It’s estimated that five to thirteen million tons of plastic enters our oceans annually, where much of it can linger for hundreds of years. According to a report by the World Economic Forum and the Ellen MacArthur Foundation, scientists estimate that there is 165 million tons of plastic swirling about in the oceans right now. And we are on pace to have more plastic than fish (by weight) in the world’s oceans by 2050. That’s some scary stuff.
The Pitcairn Islands are a group of four volcanic islands in the South Pacific, mostly known from the famed mutiny on the British ship Bounty. Pitcairn Island itself is where many of the mutineers settled and where some of their descendants live today. That small island, with a population of 57, is the only one of the group that is inhabited.
The problems caused by plastics in the environment continue to mount. Major companies around the world are endorsing and promoting efforts to combat the problem including the New Plastics Economy Initiative which aims to have 70% of plastic packaging reused and recycled globally, which is five times more than the current percentage.
Plastics clogging up our landfills and polluting our oceans are a scourge of modern life and we struggle with ways to combat this growing problem. The biggest issue is that most plastics are simply not biodegradable. Polyethylene, the common plastic found in shopping bags and numerous other products, takes between 100 and 400 years to degrade in a landfill.
On several occasions, we have talked about the enormous amount of plastic that litters the world’s oceans. Bits of bottles, bags, toys, fishing nets and other objects collect in gyres, or so-called garbage patches, which have grown and grown over the decades.
It’s no secret that there is a lot of plastic debris in our oceans. In fact, scientists estimate that there is more than 165 million tons of plastic trash swirling about in our oceans today, with an additional 8.8 million tons flowing in every year. And as the oceans swell with plastic litter, hundreds of marine species are ingesting the stuff – often with dire consequences.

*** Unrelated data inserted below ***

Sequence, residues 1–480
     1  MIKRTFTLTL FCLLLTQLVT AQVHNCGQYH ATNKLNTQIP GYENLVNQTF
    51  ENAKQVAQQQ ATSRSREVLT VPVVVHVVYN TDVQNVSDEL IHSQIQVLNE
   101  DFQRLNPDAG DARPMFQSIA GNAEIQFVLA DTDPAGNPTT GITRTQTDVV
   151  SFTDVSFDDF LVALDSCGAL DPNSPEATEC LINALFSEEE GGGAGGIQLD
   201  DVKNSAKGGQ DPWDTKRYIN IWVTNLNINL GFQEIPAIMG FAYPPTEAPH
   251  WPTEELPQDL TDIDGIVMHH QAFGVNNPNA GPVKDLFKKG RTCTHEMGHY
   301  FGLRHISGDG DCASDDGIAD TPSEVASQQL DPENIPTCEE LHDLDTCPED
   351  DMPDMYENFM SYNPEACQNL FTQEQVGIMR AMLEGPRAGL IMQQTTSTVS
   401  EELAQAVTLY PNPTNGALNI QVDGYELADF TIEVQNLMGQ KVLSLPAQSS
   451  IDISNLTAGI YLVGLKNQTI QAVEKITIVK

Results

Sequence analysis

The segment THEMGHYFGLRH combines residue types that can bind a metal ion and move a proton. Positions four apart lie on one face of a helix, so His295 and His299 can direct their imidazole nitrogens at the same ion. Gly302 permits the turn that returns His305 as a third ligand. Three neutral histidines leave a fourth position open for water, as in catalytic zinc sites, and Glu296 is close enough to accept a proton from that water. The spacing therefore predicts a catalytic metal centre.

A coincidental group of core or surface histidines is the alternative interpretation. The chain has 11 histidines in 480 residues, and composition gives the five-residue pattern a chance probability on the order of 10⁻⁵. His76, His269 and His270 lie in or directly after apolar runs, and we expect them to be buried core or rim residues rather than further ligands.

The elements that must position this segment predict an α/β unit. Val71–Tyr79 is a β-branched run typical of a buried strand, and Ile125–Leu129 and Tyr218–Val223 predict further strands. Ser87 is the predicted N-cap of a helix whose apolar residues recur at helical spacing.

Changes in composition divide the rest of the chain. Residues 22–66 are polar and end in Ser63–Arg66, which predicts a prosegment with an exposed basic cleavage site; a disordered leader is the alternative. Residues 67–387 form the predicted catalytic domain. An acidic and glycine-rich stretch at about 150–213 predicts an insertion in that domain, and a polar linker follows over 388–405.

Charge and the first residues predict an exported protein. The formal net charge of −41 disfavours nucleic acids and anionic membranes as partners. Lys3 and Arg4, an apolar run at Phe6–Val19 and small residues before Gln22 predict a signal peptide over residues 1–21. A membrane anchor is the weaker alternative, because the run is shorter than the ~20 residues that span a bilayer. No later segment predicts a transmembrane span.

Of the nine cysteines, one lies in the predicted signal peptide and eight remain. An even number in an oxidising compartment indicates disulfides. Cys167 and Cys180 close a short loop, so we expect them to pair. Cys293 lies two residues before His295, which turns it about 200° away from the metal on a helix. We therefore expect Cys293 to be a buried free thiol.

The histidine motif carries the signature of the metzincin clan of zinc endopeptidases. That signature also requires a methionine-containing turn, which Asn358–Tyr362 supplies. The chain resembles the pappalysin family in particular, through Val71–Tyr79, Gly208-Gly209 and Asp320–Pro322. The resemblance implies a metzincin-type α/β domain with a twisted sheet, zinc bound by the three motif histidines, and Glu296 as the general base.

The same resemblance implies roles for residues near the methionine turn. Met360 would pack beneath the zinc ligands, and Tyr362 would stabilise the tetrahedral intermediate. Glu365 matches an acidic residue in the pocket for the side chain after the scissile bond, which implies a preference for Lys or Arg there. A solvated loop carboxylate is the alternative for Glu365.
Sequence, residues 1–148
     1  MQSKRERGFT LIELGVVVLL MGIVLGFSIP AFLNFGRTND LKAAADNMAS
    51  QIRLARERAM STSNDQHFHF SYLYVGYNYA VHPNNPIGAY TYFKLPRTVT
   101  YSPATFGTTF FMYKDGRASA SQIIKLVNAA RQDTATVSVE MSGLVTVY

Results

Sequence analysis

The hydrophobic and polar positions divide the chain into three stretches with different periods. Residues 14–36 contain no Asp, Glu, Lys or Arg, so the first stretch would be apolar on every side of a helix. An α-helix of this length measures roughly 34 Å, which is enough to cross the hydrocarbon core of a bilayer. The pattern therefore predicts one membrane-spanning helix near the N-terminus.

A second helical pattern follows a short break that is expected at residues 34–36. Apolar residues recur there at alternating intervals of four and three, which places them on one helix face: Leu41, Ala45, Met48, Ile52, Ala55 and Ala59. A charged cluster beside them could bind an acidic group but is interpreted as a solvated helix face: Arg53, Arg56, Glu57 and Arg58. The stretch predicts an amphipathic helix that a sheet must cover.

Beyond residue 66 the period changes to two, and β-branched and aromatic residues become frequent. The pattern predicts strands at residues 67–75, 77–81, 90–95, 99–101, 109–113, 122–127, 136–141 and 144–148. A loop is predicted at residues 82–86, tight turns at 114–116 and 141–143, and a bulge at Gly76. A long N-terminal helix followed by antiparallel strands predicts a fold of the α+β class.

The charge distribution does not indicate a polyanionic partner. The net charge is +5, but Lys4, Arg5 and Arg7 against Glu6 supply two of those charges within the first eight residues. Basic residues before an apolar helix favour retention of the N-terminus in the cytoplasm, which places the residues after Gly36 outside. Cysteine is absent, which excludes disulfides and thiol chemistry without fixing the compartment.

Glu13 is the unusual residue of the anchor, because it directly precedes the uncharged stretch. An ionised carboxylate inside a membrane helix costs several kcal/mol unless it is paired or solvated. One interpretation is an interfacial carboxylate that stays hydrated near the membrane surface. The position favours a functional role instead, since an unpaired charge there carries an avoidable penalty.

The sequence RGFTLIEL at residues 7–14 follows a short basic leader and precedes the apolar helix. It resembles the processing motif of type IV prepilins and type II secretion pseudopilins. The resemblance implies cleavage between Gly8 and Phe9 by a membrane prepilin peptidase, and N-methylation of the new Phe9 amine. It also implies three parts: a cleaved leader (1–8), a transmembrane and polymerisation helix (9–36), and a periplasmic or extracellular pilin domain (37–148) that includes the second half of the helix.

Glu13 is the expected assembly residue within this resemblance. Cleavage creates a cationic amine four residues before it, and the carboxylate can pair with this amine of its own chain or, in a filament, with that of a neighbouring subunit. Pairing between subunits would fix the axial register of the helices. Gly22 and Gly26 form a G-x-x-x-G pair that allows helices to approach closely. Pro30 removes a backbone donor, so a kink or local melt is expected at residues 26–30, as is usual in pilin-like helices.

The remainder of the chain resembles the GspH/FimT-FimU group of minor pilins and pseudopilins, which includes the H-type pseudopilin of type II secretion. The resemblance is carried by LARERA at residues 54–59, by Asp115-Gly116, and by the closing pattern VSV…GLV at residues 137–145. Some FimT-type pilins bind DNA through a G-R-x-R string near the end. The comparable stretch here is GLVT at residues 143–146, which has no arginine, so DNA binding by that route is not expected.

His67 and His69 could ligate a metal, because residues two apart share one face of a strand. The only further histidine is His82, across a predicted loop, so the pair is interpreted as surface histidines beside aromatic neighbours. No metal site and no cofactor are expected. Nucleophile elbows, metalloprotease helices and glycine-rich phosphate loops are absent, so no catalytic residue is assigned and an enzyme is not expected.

Back in June, we talked about The Ocean Cleanup, a Dutch foundation founded in 2013 by an 18-year-old named Boyan Slat, which is developing technologies to rid the oceans of the vast collections of plastic that have been accumulating over the past 50 years.
Scientists estimate that there is more than 165 million tons of plastic swirling about in our oceans today. And another 8.8 million tons of plastic ends up in oceans every year. According to a recent report from the World Economic Forum and the Ellen MacArthur Foundation, there could be more plastic by weight than fish by 2050 if current trends continue.
The use of plastics has increased 20-fold in the past 50 years, and production of plastics is expected to double again in the next 20 years. According to Eco Watch, the average American throws away approximately 185 pounds of plastic every year. And nearly one-third of all discarded plastic is not properly disposed of or recycled.
As the world’s population grows and becomes more urban and affluent, the amount of solid waste we produce grows and grows. Over the past century, the total amount has risen tenfold. By 2025, the world-wide total is expected to double again. The average person in the United States throws away their body weight in garbage every month.
These days, many of the foods we buy, such as meat, bread, cheese and snacks – come wrapped in plastic. We end up with lots of non-recyclable, non-biodegradable waste. And thin plastic films are not even that great at preserving food because oxygen still gets through them.
This year, Americans will consume more bottled water than soda for the first time. The average American will buy 27.4 gallons of bottled water, over a gallon more than soda drinks.
Waste due to excess packaging of the products we buy is a real problem. It is one that most of us are conscious of and more and more businesses are making efforts toward eco-friendly packaging. There is increased use of cardboard, which is recyclable. Most of us try to reduce our waste through recycling. But as we buy more things online and have a growing variety of things delivered to our homes, it is a struggle to receive the things we order in good condition and not end up with piles of packaging materials.
The San Francisco Board of Supervisors has voted to ban expanded polystyrene, the foam plastic used in food packaging, packing peanuts, coffee cups, and more. It is one of the most extensive bans of this type in the U.S.
One of the most notable success stories in recycling is that of structural plastic lumber. The material is mostly polyethylene reinforced with stiff plastics or recycled composites. Made from milk containers, coffee cups, and other recycled plastics, structural plastic lumber is lighter than steel, longer-lasting than natural lumber and strong enough to support 120-ton locomotives.
We have talked before about the increasing problem of microplastics polluting the oceans. Much of the small plastic particles result from the breakdown of plastic litter such as plastic bags, packaging and other materials. Another source is microbeads, which are often found in health products such as face scrubs and even some toothpastes.